I’ve never written a review about a book involving this particular marginalized group and I’m thrilled to do so today because I am desperately in love with ‘An Earl Like You’ by Caroline Linden.

It does something I’ve not seen in a great deal of romance novels: have a plain heroine who does not magically become pretty when she is loved, but rather is appreciated as she is and for who she is as a person. Also, privileged characters who realize they’ve been misjudging her because of those marginalized identities who come to change their minds and love her for who she is.

I apologize for any errors I make in addressing what is commonly known as pretty privilege as this is a new frontier for my work and would be happy to get any suggestions on improvement from others. The main character is also from a different class than the others, but I want to focus on the pretty privilege aspect of the book.

The basic plot is very much based on a trope. Impoverished high society man inherits from his father, finds out that there is no money at all for what is needed and finds himself in the spot of trying to gamble his way to making his sister’s dowry. Though he does his best, its obviously not a success.

Enter a vaguely unscrupulous businessman, who wants to find a loving, worthy husband for his daughter. He buys up all the young man’s father’s debts and gives him an ultimatum: court his daughter, with love and honor, never telling her why and win back all his debts or possibly go to debtor’s prison.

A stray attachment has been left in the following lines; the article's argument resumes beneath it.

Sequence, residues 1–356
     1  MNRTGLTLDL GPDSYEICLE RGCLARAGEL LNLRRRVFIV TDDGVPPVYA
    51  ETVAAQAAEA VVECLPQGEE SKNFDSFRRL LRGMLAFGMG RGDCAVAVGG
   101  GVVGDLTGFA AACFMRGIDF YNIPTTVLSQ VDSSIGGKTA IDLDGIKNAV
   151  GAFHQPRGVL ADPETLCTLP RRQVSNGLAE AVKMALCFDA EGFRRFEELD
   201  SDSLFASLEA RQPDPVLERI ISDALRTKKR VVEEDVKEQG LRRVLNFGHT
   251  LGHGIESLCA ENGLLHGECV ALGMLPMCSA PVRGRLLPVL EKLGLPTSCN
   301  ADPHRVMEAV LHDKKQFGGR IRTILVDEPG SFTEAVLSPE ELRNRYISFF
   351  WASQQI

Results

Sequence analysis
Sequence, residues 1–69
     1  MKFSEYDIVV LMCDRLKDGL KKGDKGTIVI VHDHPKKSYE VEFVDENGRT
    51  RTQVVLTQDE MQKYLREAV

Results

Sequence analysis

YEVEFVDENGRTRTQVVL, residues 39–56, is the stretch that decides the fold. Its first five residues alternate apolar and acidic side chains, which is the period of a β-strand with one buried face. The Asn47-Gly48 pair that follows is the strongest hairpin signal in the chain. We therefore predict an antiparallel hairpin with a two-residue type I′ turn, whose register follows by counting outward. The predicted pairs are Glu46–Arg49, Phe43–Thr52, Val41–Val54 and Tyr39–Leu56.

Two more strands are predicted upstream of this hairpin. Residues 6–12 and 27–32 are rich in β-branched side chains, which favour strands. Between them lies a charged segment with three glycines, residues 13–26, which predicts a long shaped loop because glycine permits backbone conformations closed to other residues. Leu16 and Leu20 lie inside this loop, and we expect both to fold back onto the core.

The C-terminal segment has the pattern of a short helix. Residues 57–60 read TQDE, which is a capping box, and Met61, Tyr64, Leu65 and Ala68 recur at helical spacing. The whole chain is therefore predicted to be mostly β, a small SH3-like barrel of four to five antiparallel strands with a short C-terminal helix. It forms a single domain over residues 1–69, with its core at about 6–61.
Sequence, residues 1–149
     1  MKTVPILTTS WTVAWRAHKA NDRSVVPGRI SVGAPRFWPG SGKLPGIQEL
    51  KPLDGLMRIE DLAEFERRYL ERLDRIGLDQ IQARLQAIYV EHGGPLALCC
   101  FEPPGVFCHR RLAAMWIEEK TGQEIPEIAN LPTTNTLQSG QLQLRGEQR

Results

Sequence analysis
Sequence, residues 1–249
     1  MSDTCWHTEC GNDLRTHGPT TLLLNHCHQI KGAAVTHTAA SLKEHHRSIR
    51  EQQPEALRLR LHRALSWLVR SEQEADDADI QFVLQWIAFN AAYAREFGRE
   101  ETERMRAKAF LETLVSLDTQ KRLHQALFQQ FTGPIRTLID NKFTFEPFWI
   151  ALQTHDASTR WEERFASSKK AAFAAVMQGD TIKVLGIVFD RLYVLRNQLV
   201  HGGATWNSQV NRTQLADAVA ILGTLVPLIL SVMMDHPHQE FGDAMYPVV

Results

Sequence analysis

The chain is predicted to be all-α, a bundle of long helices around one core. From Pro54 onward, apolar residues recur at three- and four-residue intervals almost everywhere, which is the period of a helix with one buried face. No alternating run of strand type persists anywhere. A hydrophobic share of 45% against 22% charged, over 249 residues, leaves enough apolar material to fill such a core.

Now, I almost put this book down, because I was so worried it was going to be another one of those “I hate you until like halfway through the book where I realize I love you but now everything’s a mess” books and those always kind of hurt my soul. But this book surprised me.

One, its heroine is distinctly described as plain. Her significant other comes to find her beautiful, but there’s no magical transformation when she is loved. There’s no 90’s rom com makeover. She is just her lovely self. She’s kind, caring, loves animals and wants to do the best for everyone. She’s shy in some ways, but she also is strong and compassionate.

And it charms our hero. He begins to fall for her slowly over time. He agrees to the arrangement with her father, gets a dowry together for his sister and it all looks good.

Except, of course its not. I won’t spoil all the twists and turns for you, because they are truly delightful. But I will say this. I haven’t been so pleased with a book where a wallflower who no one notices turns into someone everyone notices in years. Because its not about how she has to change to be loved. Its how everyone eventually learns to appreciate how amazing she is.

Also, her father does some messed up things in the course of trying to find her happiness. And not only is there a confrontation about the fact, but there are consequences and reconciliation. I love it! Healthy boundaries and families who love each other and make mistakes. Talking about honesty and good communication in relationships. It made me want to shout my love of this to the skies.

The book is charming, the characters are engrossing, I found myself wanting to yell at Hugh, the hero, over and over through the book in the best possible way. I want to read everything by this author now and I highly recommend you pick this one up as well.

5 out of 5 stars and I’m going to keep this one for recommendations to people about healthy relationships in romance. It warmed my heart to the core.

Until next time,

Not just a buzzword

*I received an ARC for an honest review and I plan to keep this one for all my future happy ending reads.